(Ed. Note: This condensation of Captain 3rd Rank P. Ishchenko”s article in Red Star, 19 April, 1989, plus other Soviet news releases, attempts to interpret points of interest in this event, for SUBMARINE REVIEW readers.]
Captain Evgenij Vanin of the Soviet submarine KOMSOMOLETS (a “MIKE”) noted at 1100 for the watch log: “‘The boat is on a course of 242 degrees. Compartments are secured, there are no deviations.”
The “second crew” was taking their nuclear submarine on its first “combat” mission. The “first crew” had built the submarine and operated the MIKE in its training prior to deployment. “‘The necessary exercises were successfully executed in the operational training center and all of the predeployment tasks had been completed at base.”
“What a submarine: an experimental one, representing in itself not only a submarine of great combat value but also one of great scientific value — the sub was experimental in the use of ‘unusual materials.'”
“‘There was nothing to complain about at sea. The submarine was ‘carting’ home so many confirmed ship contacts that there were enough for two or three such patrols.”
“‘The peaceful atmosphere quickly turned into a dangerous one. The fire indicators began to operate alarmingly. ‘Fire in the seventh compartment.'” 1103, 7 April: The LOKh (a system for fire extinguishing) in the seventh compartment was energized. “In this case the applied measure did not give any result.” This seemed to be due to an influx of high pressure air into the compartment feeding the fire and critically raising the temperature, (an air line or air bottle rupture?). “This is why fire got into the sixth compartment (through composite bulkheads?) and then spread further. The submarine was at a depth of 50 meters.” The order was given to go to periscope depth and at 1116 the periscope was raised for a look around.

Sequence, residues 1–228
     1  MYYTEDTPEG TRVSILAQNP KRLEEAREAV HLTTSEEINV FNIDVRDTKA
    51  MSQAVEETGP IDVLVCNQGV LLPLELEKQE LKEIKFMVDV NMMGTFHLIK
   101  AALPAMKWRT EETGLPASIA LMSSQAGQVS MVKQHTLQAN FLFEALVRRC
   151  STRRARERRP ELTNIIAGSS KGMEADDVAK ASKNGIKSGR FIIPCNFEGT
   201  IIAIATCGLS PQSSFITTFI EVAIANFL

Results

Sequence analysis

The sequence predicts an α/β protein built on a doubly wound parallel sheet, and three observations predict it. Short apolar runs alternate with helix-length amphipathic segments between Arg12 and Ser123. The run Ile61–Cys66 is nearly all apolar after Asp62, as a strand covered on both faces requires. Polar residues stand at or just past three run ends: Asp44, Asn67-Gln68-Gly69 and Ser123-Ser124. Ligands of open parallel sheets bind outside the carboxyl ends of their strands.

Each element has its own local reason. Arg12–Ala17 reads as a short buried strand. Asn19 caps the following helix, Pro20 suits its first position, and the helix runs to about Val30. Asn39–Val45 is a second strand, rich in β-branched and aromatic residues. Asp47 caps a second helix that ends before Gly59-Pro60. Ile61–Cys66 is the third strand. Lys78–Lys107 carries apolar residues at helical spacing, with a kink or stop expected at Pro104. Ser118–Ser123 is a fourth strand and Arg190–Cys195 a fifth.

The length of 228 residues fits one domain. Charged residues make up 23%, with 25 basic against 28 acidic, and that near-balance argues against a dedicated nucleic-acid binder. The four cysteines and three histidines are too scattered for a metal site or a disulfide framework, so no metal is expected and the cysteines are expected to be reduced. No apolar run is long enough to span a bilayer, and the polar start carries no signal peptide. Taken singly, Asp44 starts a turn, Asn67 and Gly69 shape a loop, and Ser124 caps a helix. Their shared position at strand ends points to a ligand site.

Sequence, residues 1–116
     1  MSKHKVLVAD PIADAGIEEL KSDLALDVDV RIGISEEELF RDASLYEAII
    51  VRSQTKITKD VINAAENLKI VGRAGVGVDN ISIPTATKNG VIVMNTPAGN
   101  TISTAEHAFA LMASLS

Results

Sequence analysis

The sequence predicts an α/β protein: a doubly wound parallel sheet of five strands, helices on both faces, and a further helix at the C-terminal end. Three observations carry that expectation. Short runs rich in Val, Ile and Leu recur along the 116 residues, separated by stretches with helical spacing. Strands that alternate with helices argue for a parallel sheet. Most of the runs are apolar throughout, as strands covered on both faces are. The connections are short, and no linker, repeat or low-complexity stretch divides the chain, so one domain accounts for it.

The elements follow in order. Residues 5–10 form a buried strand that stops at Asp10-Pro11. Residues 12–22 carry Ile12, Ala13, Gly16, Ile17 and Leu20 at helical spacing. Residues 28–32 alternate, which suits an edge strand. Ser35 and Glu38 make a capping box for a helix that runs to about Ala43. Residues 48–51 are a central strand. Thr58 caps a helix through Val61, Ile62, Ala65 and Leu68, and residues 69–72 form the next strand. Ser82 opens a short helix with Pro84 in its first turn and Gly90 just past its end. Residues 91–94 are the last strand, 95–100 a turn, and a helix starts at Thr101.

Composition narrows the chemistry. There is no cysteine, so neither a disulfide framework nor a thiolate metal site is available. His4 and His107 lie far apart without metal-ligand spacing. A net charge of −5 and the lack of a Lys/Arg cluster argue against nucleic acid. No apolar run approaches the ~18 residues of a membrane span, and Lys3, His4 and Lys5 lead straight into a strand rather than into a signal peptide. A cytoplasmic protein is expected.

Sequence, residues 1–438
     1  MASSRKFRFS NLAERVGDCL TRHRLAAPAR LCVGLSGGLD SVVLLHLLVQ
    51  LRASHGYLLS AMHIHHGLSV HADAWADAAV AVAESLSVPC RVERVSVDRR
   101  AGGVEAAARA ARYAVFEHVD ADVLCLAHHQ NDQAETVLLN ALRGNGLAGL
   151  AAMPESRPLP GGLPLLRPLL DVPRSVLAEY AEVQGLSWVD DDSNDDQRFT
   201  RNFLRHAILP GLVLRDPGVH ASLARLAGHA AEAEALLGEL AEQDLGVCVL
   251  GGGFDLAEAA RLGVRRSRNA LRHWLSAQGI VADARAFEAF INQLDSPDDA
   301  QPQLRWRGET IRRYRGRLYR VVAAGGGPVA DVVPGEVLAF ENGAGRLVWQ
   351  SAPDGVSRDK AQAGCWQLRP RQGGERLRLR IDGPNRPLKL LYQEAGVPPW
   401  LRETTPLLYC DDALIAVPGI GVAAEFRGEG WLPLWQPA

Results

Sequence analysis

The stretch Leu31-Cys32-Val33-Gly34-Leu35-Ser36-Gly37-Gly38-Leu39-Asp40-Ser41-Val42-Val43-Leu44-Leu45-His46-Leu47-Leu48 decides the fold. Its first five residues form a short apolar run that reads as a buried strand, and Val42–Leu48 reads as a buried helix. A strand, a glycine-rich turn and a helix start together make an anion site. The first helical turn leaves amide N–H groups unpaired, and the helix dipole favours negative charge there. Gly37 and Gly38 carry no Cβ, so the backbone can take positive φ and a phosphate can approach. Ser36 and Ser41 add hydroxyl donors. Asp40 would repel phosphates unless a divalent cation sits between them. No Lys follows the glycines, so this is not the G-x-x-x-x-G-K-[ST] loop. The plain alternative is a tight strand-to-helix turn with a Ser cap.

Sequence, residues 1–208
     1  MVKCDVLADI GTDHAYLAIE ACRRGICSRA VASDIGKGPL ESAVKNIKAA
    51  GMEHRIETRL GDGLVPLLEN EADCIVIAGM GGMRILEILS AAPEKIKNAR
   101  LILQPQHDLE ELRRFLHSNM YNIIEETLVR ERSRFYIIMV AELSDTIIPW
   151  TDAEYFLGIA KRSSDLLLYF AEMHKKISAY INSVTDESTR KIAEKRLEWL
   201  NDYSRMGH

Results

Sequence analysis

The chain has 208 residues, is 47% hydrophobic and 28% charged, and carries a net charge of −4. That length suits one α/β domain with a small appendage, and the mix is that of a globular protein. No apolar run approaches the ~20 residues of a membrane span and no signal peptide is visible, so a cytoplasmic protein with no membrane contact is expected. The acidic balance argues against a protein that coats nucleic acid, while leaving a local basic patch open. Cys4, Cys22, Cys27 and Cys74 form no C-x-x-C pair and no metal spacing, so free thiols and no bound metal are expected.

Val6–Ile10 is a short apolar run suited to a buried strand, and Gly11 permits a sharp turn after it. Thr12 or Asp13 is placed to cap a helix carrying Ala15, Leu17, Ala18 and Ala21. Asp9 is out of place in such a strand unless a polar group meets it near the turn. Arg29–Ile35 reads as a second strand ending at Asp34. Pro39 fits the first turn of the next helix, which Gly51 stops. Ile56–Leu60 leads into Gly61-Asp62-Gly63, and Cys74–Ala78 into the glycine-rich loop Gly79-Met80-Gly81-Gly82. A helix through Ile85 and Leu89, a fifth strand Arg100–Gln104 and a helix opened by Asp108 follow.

“Captain Vanin directed the struggle for damage control. Everything aboard the submarine, and even moreso in an emergency situation, is done by the crew, but only by the order or with the knowledge of the Captain.”
1121: “Fire in the fourth compartment.” (the reactor compartment?). “‘The control station for pumps is burning. The pump is useless. Circulation of water from the reactor to the generators and back again ceased.” Capital-Lieutenant Orlov said: “When the reactor’s operation was no longer needed I cut its work in accordance with the emergency instruction. The operation of the power-unit was my responsibility and I was authorized to shut it down even if the conditions were a bit off-normal. After the emergency control rods went down automatically, I clinched the matter by bringing the fuel rods as far down as possible. All the cooler pumps were on and worked non-stop to cool the core. Before leaving the submarine, five minutes before the plunge, I inspected the central board. The first loop was 35 degrees centigrade. The cooling system was autonomous and would operate even if the submarine’s power network failed. Destruction of the first loop is also excluded.”
1127: “On the submarine movement control panel there appeared a source of open flame. Gasification and worsening of visibility in the central part.”
At about this time the MIKE was surfaced. “Captain Vanin and the entire crew were hopeful of the possibility of saving the submarine.”
1134: “List to port is increasing. Main ballast is blown.”
1145: “The diesel cooling is not working. The diesel is stopped.”
1158: “No communications with the fourth compartment. There are about nine persons in there.”
1212: “Golovchenko in second compartment lost consciousness.” Then an order was given: “Transfer the crew of the second compartment who lost consciousness, topside.”
1241: “There is great smokiness in the fourth compartment. The condition in the first compartment is normal,” (the location of the batteries.)
1336: Two hours after surfacing “the reactor is extinguished with all absorbers.”